(CNN) -- More than 65 people have been killed in two days of clashes between rebel groups and soldiers in Southern Sudan's Upper Nile state, an army spokesman said.
Philip Aguer, spokesman for the Sudan People's Liberation Army (SPLA) told CNN.com that forces loyal to a militia leader named Oliny attacked the village of Uach west of Malakal in Upper Nile state.
"55 members of the militia and seven SPLA soldiers were killed, and we believe a number of civilians also died, but we are still getting information."
Oliny, Aguer said, is a former member of Southern Sudanese politician Lam Akol's militia. "But we don't know if he is still associated with him."
Aguer also said that he believes that Oliny was receiving military support from the government in northern Sudan.
"They have received new weapons. We suspect they all acted in coordination with Khartoum ... I think things are going to continue escalating," he said.
However, Sudan's dominant National Congress Party (NCP) in the north denied having any involvement.
Rabie Abdelati, an NCP party official, said on Monday: "If we really wanted to go back to war, we would not have signed the Comprehensive Peace Agreement (the 2005 accord) or accepted the referendum.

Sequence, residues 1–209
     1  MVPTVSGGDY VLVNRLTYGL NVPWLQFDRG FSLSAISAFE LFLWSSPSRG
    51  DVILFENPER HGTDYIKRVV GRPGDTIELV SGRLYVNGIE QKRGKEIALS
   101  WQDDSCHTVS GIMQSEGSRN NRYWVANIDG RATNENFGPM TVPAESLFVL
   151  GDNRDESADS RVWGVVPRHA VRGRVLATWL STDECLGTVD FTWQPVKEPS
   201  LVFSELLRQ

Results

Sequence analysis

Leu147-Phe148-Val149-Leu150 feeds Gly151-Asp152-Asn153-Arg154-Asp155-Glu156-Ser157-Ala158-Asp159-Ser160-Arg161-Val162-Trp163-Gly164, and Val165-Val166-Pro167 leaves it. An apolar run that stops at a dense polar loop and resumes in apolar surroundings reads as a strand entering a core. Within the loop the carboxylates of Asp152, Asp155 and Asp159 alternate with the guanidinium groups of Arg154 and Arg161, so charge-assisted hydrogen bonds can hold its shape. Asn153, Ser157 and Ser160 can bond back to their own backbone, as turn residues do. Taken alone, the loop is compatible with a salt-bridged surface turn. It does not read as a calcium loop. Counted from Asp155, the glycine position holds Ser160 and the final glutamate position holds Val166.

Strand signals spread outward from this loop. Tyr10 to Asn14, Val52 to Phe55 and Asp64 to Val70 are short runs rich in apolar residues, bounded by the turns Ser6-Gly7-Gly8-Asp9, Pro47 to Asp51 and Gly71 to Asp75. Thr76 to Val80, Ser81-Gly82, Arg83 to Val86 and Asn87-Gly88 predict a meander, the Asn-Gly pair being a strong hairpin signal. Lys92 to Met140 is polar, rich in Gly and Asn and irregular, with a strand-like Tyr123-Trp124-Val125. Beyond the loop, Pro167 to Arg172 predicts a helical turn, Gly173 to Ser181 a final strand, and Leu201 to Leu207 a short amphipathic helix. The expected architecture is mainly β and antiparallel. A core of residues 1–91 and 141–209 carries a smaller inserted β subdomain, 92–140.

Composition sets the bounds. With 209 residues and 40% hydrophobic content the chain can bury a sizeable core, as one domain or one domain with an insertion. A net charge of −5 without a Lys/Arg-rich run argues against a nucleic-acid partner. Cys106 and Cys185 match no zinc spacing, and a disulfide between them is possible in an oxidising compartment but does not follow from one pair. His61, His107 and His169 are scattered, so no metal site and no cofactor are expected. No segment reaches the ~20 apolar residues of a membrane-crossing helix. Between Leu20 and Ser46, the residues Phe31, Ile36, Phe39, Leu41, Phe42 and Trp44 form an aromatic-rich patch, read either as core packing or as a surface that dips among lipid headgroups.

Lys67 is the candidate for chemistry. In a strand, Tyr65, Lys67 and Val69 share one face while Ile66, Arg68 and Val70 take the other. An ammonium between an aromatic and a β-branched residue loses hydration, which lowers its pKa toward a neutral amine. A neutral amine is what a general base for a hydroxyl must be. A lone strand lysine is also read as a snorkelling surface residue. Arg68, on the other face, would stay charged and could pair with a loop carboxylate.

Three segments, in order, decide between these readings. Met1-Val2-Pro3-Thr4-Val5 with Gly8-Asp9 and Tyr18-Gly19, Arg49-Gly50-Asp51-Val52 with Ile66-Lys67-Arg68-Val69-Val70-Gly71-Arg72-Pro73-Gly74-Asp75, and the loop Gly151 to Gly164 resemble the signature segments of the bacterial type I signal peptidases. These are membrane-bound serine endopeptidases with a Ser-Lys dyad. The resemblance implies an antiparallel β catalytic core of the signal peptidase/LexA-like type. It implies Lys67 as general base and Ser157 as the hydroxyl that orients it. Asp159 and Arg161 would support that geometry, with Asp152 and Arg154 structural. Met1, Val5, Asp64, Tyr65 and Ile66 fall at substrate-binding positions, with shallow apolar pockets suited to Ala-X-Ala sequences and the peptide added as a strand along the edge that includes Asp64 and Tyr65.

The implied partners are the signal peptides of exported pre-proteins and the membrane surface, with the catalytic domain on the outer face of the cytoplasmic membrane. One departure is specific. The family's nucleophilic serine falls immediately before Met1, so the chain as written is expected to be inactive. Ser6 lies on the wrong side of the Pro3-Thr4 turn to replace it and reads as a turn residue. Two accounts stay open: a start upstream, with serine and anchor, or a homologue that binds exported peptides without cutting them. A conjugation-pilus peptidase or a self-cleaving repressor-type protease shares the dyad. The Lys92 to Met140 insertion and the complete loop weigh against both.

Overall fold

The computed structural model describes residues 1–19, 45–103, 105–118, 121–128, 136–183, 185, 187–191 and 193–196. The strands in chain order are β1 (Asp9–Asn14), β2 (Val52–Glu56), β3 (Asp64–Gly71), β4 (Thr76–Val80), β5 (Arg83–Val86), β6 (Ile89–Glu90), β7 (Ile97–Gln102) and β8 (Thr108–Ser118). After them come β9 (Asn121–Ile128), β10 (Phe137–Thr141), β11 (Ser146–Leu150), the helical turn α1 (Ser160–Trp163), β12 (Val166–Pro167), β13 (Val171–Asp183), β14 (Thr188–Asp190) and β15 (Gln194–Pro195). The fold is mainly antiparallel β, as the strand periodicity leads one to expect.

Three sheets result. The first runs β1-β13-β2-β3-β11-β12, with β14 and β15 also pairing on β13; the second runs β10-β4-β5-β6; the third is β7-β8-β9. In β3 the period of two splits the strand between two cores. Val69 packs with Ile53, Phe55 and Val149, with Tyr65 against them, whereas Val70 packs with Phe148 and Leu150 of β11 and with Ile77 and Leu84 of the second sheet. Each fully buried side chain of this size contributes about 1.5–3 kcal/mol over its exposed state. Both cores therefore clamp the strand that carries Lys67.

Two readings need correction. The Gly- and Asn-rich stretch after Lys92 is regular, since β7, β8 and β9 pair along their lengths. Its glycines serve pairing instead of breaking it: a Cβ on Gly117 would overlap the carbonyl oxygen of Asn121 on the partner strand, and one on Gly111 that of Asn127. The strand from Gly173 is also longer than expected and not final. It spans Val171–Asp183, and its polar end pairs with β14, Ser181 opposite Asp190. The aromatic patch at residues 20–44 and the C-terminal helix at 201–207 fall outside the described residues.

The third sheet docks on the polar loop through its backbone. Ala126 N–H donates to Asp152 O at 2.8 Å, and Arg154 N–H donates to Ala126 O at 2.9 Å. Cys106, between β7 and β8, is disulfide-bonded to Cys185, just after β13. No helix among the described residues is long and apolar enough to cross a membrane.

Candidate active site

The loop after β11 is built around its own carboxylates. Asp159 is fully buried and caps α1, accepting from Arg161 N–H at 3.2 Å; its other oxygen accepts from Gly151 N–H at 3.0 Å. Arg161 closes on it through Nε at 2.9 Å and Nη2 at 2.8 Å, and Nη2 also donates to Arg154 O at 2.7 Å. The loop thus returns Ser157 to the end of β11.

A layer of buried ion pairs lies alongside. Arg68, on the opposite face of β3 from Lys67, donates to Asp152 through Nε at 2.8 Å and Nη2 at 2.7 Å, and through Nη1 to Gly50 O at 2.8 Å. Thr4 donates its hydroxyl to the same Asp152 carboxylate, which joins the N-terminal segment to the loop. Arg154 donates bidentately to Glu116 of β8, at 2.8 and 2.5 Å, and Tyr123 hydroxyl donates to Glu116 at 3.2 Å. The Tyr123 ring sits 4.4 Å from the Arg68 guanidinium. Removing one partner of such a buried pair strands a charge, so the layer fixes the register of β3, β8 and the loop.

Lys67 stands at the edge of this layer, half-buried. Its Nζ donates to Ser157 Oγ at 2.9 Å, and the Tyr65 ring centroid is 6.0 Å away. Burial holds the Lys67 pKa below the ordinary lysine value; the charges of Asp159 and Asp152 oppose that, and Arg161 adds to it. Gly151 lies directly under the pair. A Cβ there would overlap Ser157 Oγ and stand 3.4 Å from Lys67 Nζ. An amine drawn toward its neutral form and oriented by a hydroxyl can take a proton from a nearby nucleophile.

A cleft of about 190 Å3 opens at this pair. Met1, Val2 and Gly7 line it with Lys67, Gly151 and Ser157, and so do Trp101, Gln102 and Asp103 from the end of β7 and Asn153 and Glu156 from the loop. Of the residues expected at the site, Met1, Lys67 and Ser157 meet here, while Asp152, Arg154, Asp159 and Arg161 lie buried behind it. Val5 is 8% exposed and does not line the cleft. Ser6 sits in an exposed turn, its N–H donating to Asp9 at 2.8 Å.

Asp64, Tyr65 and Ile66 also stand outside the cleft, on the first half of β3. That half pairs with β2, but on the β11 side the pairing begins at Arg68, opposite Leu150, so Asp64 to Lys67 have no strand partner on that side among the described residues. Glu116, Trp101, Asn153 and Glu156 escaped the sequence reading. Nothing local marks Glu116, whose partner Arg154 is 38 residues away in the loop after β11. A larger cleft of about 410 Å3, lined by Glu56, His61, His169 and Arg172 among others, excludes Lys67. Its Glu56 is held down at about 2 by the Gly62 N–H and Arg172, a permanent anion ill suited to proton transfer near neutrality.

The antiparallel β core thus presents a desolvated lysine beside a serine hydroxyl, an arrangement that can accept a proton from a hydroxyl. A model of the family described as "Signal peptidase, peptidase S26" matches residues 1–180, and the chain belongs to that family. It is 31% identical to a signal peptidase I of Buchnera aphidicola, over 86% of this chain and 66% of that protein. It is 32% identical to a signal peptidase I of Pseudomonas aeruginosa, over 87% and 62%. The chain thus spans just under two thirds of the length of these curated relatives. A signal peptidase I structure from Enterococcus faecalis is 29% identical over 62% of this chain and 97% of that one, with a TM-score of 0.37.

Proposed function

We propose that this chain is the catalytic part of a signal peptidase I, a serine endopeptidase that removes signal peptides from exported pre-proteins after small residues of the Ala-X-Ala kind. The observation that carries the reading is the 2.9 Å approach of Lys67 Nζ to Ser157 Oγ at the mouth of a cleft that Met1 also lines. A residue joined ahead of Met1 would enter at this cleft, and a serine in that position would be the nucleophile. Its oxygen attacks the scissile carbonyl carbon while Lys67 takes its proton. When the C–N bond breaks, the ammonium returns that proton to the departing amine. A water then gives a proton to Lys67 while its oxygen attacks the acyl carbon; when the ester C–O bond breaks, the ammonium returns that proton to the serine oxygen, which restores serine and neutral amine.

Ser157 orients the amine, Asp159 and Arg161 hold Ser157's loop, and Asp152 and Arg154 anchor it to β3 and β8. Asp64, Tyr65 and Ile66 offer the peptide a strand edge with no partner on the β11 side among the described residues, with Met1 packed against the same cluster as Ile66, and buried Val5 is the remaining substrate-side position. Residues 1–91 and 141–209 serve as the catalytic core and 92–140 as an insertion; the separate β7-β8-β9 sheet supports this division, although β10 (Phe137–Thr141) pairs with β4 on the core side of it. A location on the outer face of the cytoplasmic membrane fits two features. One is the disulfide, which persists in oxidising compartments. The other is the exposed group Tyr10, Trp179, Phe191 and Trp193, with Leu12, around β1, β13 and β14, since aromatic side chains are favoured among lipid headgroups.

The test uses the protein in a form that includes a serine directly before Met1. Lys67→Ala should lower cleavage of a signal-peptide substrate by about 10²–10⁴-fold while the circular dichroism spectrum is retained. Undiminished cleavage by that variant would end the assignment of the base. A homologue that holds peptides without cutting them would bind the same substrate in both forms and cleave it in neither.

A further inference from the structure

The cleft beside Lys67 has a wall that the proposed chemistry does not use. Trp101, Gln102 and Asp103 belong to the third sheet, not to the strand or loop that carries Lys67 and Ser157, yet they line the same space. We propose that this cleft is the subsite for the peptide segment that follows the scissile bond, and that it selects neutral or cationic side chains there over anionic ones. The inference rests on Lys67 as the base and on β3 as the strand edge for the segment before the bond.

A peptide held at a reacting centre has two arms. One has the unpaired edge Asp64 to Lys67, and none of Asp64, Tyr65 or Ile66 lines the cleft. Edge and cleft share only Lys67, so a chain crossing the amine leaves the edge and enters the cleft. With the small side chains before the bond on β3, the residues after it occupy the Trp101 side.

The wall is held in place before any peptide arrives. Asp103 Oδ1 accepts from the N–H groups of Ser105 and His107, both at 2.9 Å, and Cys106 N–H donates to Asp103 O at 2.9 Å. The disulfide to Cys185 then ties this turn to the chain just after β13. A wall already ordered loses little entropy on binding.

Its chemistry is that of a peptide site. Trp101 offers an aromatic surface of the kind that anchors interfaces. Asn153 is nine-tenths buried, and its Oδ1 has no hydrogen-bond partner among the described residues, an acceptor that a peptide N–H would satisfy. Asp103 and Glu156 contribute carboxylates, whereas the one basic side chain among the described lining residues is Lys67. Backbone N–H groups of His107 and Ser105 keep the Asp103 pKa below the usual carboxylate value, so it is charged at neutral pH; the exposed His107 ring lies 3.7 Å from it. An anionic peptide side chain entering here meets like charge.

"We are hoping for a strong south after secession. If the south is not stable the north will not be stable," he said.
Akol, a seasoned Southern Sudanese politician and a former member of the SPLA, broke from the SPLA in 2009 and created a new party, the Sudanese Peoples Liberation Movement-Democratic Change (SPLM-DC).
Akol rejected any association with Oliny's militia.
"He was never a part of the SPLM-DC," he told CNN.com.
"He is a Shiluk youth who with others were defending their land from Dinka who tried to take their land," he told CNN.com.
The fighting took place in areas dominated by the Shiluk tribe, which Akol belongs to. The SPLA on the other hand is dominated by members of the Dinka tribe.
The fighting comes days after more than 40 people had been killed in clashes between soldiers and another rebel militia, George Athor, in Southern Sudan,
Rebel leader George Athor has been saying his forces have killed more than 100 people, most of them soldiers, since a fresh round of fighting started last week.
But Philip Aguer, a spokesman for Southern Sudan's military, said Athor's claims are exaggerated.
Athor took up arms in 2010 when he was not elected governor of Southern Sudan's Jonglei state.
The fighting comes just four months before the region is due to become independent.
The south is expected to secede on July 9 after southerners overwhelmingly voted to declare independence from the north in a January referendum -- a vote promised in a 2005 peace accord that ended decades of civil war between north and south.